I don’t feel safe

I don’t feel safe. I mostly mean sexually, but this could apply to other things too; I’m not sure.

Intellectually, I know that I am safe. Wolf and I have been together for a lot of years, and while there have been rare mistakes or missteps, I’ve never felt that he he looked down on me, disrespected me, or used me. Since I’ve been more aware and deliberate about trusting him, I’ve made a bit of progress but not as much as I would have liked.

I seem unable to feel safe. It’s like I don’t have a sense of safety because I don’t have the organ, nerve, bulb, whatever it is that I need to sense it. Or maybe my sense of safety exists but is partly impaired, since I’m perfectly attuned to detect the slightest whiff of danger.

Not feeling safe means I’m always reflexively on my guard such that I don’t necessarily even notice the tension. (It has recently occurred to me to wonder whether my chronic physical tension is connected to this.) Because of my history with Wolf, I can choose to let my guard down a bit but it takes a great deal of effort, and it’s imperfect because I don’t fully understand why I’m on my guard in the first place.

The other night, Wolf and I cuddled the way we always do. Ordinarily he’d touch my back and rub my neck, and I’m happy to let him because he knows through lots of experience what I like. But it still feels to me that he’s in control.

This time I was thinking about my feeble sense of safety and what I could possibly do to develop it. We decided that I’d tell him what I wanted and he’d do it, or he’d stop if I said stop. I often ask him to touch or massage one spot or another, but this time I just told him “touch me here” or “massage me there”. It’s a minor grammatical difference but it was enough to make me feel a little emotionally vulnerable. I hope I’m not imagining this, but when I told him to hug me a certain way because I needed reassurance, it seemed to sink in more thoroughly than usual.

With Jaime, dealing with my inherent feeling of unsafeness is more challenging. He has demonstrated his trustworthiness to me in myriad ways but we don’t have the same length of time together, and most of the time that we do have is long distance, which is qualitatively different and can’t really address issues of physicality.

I think this is why I haven’t really progressed beyond splashing around in the shallow end of the BDSM pool. BDSM often uses a dash of fear to heighten physiological arousal, but when I don’t feel fundamentally safe, all it seems to accomplish is to make me even more cautious and guarded.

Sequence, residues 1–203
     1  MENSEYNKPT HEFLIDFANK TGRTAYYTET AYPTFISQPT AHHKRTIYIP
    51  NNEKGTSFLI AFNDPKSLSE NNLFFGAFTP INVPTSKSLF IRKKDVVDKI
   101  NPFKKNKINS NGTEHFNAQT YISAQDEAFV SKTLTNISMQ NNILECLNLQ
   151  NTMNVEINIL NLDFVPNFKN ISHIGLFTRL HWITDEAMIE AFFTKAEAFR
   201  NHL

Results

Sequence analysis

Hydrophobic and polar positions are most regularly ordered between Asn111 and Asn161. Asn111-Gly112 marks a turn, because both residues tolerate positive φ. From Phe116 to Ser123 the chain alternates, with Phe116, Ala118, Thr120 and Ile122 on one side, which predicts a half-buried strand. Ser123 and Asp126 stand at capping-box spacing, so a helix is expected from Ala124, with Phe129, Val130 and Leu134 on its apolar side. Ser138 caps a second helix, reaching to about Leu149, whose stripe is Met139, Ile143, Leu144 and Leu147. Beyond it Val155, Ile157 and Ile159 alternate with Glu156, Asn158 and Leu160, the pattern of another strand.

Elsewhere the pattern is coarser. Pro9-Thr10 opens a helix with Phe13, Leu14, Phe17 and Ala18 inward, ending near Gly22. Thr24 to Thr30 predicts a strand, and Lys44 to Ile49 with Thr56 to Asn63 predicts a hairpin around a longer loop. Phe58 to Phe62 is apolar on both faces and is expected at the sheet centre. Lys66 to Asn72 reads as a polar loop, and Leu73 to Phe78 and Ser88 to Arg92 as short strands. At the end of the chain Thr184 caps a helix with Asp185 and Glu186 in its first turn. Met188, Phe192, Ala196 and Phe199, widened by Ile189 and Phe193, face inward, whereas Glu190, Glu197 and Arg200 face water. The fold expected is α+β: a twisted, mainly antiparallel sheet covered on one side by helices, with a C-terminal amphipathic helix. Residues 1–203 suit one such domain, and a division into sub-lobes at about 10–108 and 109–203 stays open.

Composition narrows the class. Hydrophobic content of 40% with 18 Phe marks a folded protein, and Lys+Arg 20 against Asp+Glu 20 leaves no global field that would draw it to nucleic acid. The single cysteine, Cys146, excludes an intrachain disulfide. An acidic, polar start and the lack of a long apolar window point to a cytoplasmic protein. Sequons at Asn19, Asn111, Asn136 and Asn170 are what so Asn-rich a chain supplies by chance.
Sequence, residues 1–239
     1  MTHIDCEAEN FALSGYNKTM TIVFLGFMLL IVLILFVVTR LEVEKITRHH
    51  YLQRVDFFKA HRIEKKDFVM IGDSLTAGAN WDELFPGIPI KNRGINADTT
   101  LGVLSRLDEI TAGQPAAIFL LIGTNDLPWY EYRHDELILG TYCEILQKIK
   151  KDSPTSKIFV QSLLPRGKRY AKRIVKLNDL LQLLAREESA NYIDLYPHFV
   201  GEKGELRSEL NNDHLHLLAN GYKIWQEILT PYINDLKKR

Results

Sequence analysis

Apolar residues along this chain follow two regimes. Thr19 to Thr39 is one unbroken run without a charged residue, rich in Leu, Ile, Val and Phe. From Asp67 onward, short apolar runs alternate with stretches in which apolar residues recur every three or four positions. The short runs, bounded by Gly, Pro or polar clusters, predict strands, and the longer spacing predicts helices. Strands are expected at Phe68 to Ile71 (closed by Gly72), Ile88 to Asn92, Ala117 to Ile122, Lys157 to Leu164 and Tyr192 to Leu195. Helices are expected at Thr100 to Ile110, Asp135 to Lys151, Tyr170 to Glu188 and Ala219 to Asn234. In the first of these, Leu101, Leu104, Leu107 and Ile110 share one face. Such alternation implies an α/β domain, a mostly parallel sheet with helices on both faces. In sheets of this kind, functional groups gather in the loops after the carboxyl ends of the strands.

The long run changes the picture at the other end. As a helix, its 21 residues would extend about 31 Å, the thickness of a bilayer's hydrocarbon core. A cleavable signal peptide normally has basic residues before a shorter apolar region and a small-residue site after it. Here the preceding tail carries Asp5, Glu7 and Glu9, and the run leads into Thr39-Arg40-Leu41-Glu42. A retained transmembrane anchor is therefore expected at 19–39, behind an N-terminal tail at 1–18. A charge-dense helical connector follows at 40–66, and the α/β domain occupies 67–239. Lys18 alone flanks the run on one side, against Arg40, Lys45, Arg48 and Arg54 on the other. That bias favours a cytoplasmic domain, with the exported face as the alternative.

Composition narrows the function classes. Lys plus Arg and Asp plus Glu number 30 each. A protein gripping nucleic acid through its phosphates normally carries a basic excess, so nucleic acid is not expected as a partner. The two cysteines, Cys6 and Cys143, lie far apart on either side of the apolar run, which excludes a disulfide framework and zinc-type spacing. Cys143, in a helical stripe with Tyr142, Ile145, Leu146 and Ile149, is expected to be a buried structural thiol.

I’ve been thinking about how things are with Jaime, and how I’d like to go deeper but I feel like I’ve plateaued. This relationship started with a BDSM flavour and the undercurrent is still there but right now it’s very quiet. I feel a bit disappointed about that. My difficulties with depression and low libido have been a significant issue, and in response to my general mood Jaime has chosen to back off, BDSM-wise.

Thinking about some of the BDSM things that we’ve done together that didn’t go so smoothly, I realised that I’ve probably deferred to him too much, trusting his domming experience more than my understanding of myself and my needs. And frankly, I’m not always that good at knowing my own needs, so it’s really attractive to believe that someone else knows what they are and will satisfy them.

Now, I like to know why things are the way they are, and when facing a current challenge, I often revisit my childhood to see if there might be some early learning colouring the way I think about things now. One of my tentative conclusions is that my parents were not very responsive to me when I was very young. This difficulty is that you develop your earliest sense of self from what is reflected back to you from your caregivers. If my parents weren’t good at knowing me, then they couldn’t teach me to know myself. As an adult, wanting someone else to know and satisfy my needs without my having to figure it out myself sounds like a mind-reading fantasy. But isn’t this basically what parenting young children is about?